The report issued by your agency in March showed the agency disproportionately missed people in the Black and Hispanic or Latino populations. Many advocates attributed those undercounts to decisions made by the prior administration.
What should the Census Bureau say to build up trust again in communities that might have been scared off by the attempted addition of the citizenship question or attempt to exclude undocumented immigrants from apportionment?
Santos: There there have always been segments of the population, not just undocumented immigrants, that have a resistance to participation because of lack of trust in the government. And certainly that was the case on steroids this time around.
We were prepared to deal with that, which is why we had a really large number of community partners and worked with them, as well with as with a large stakeholder community, to engage in different ways to help impart a trust message and to promote more accessibility when we went to knock on doors, or more accessibility in terms of identifying a mail form.
Having said that, at the end of the day, we were in a pandemic. It was unprecedented. People were suffering. Households didn't know whether they could pay the medical bills. Folks didn't have jobs and didn't know where their next meal was coming from. Utilities needed to be paid. Some folks thought they were going to get thrown out despite the freeze on landlords to evict. It's understandable that there would be communities [like that] and we all know that communities of color were the most affected.
You’ve talked up an effort to modernize the Census Bureau and its process. What will that look like for people outside the agency? Will it mean a cheaper census, or more databases?
Santos: It certainly means more access to data, better data and perhaps new data that we hadn't necessarily collected in the past. The issue of whether it's less expensive or not is yet to be determined. That is certainly our aspiration — to become more efficient. And we shall see where that transformation takes us.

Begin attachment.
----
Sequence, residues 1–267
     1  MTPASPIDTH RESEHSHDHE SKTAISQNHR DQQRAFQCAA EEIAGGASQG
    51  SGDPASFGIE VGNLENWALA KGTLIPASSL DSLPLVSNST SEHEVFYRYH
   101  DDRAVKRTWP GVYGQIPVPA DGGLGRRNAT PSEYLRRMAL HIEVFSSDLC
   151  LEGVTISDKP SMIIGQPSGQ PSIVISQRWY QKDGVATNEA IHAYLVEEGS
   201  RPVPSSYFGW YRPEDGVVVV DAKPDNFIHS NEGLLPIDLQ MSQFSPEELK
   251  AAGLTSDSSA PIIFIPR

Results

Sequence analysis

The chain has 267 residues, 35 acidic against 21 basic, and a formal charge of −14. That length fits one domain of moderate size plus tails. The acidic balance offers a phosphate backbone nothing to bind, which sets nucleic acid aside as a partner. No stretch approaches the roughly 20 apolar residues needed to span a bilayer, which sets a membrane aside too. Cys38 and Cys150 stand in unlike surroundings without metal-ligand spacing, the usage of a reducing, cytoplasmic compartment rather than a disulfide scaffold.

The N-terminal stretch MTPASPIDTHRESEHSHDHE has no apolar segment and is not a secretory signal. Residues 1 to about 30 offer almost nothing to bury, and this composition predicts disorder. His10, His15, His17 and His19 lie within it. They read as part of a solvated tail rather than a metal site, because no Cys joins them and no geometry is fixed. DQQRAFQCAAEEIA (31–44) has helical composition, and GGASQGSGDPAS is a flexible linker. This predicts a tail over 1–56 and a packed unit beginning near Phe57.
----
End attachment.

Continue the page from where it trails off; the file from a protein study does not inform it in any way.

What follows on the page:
The transformation process is a truly enterprise level area. We do over 100 different surveys. And we do that as well as a decennial census, which is a huge effort. We're looking — rather than try to implement them as individually tailored systems — to create a single enterprise that involves bringing data into a single system. Then allowing it to generate statistics most relevant to whatever issues we are dealing with at the time.
So that's the vision, to have a single system that brings in data, processes it and then exports it so that it provides answers to questions about who we are as a population for portrait purposes.
This ultimately is a much more efficient operation, so we expect there to be some cost savings. There needs to be some investment upfront. But we think it is the path to the future to combine different data sources, including sources of administrative data to create more relevant and timely data products and hopefully, we expect, at a less expensive cost.
You mentioned the Census Bureau may include outside data sources as part of the modernization effort. Advocates argue many marginalized groups are not represented in the other data sources out there, such as government administrative records and commercial data. How do you intend to deal with that problem?
Santos: That's an excellent question. Thank you for asking that. We could most likely account for an overwhelming majority — maybe 70, 80 or 90 percent of the population — with less expensive data collection methods, a combination of a reduced form and administrative data of some sort, or a method yet to be developed.
But the idea is that we can relatively inexpensively count with current administrative data that's relatively high quality for a huge chunk of the population. It not only reduces the expense, but creates savings that can then be used to go after and solicit information from the much harder-to-count communities.
Part of the reason there are undercounts is that for the communities that are historically hard to count we have limited resources to put out there. [With this] we can leverage other types of data to count the folks that are easy to count, create savings and then focus those on the harder to count communities. So that we can arrive at an overall smaller undercount or possibly no undercount at all.